Managing for Emerald Ash Borer in the urban forest
Master of Science in Forestry
SubjectEmerald ash borer (Agrilus planipennis Fairmaire)
Ash (Fraxinus spp.)
Trees in cities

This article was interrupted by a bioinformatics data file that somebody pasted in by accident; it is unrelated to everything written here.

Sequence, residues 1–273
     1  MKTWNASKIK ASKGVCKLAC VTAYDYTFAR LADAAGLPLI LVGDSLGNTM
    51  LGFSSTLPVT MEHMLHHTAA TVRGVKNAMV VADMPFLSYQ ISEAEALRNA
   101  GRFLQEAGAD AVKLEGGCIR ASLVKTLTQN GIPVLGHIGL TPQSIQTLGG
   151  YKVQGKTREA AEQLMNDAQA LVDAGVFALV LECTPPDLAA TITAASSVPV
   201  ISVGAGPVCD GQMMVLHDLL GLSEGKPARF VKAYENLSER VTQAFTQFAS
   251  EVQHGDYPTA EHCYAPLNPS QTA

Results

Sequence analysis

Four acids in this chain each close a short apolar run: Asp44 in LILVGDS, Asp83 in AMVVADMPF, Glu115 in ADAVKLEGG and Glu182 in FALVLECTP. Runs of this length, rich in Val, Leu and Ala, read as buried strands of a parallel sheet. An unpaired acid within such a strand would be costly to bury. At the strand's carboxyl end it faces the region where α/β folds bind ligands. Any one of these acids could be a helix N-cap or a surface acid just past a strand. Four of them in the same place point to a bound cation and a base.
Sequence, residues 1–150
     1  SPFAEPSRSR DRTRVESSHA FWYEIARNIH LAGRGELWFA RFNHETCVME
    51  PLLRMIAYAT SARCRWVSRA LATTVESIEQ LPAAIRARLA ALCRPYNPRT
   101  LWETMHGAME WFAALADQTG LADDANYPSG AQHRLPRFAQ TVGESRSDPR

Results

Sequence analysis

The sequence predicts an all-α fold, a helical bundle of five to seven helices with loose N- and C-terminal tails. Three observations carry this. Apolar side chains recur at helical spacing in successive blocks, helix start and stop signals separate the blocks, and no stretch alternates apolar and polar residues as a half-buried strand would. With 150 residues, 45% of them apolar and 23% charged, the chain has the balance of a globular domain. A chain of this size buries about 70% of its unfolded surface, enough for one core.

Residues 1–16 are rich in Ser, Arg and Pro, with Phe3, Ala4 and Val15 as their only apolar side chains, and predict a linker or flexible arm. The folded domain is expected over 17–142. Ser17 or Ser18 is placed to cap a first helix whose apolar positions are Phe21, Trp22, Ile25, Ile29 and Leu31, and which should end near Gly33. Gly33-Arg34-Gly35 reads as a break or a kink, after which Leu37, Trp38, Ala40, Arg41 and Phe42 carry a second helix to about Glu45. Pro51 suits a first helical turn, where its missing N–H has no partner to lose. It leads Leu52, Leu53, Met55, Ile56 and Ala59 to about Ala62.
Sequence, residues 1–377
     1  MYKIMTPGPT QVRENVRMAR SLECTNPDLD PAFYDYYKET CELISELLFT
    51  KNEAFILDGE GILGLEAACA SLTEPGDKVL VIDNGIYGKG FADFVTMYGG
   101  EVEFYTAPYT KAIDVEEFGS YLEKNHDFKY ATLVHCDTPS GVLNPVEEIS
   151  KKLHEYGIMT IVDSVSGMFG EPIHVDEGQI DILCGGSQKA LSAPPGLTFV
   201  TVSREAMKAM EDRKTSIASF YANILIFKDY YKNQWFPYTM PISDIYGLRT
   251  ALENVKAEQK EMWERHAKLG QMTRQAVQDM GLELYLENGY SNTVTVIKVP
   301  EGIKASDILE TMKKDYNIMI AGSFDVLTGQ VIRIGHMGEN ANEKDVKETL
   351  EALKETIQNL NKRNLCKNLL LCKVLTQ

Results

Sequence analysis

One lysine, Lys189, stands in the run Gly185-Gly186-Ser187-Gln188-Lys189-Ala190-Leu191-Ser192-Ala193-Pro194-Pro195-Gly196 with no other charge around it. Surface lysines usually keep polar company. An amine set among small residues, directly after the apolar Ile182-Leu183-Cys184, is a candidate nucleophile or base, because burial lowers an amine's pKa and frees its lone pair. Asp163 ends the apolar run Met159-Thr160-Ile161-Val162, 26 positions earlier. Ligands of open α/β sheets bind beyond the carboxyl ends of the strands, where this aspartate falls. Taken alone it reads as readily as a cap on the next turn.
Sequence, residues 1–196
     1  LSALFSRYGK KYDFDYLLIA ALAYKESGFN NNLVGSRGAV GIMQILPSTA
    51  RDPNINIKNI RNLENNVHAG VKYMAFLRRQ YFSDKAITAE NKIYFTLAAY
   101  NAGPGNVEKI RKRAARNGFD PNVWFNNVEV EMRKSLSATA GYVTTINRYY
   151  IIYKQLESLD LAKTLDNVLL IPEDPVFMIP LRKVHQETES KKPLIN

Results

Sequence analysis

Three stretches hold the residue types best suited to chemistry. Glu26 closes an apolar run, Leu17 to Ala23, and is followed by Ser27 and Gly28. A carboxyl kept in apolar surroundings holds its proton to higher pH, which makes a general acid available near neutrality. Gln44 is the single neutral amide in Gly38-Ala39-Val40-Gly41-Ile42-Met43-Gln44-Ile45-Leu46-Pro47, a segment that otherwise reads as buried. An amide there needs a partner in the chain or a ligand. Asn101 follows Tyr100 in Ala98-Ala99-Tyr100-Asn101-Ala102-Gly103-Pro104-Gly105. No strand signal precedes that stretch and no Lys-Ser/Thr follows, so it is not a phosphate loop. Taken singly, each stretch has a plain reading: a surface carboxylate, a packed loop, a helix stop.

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Urban forestry is a concept applied to many cities, municipalities, and communities around the world. It is the practice of managing the interface between urban infrastructure and environmental green spaces. An invasive insect known as the emerald ash borer (Agrilus planipennis Fairmaire) has been devastating urban forests in southern Ontario since 2002. Larval feeding on ash (Fraxinus spp) can kill a tree in 3-5 years. Emerald ash borer (EAB) has been moving northward eliminating trees by the thousands, and was discovered in the City of Barrie in 2014. In order to manage for EAB, it is crucial to know where the ash trees are located. The City of Barrie has an inventory of publicly owned trees, but not of those on private property. In addition, the public may not be fully aware of the devastating effects of EAB on the urban forest and the associated management strategies. Obtaining the private ash tree inventory depends on residents to self-report on signs of EAB. Current aerial imagery for the City of Barrie was converted into a format suitable for common smart devices. It can be used as a visual aid in communicating the threat of EAB, and to highlight high risk areas. A pilot project of an urban forest health volunteer network was conducted successfully in the Town of Oakville in 2014. The same process of community engagement and urban forest management was demonstrated through a sample inventory in the City of Barrie. The data combined with the imagery is a crucial aid in developing an early detection rapid response management plan for the City. Future possibilities resulting from this thesis project could be the creation of an online database where members of the public can access the digital imagery, self-report on private trees, and remain informed on urban forest management strategies.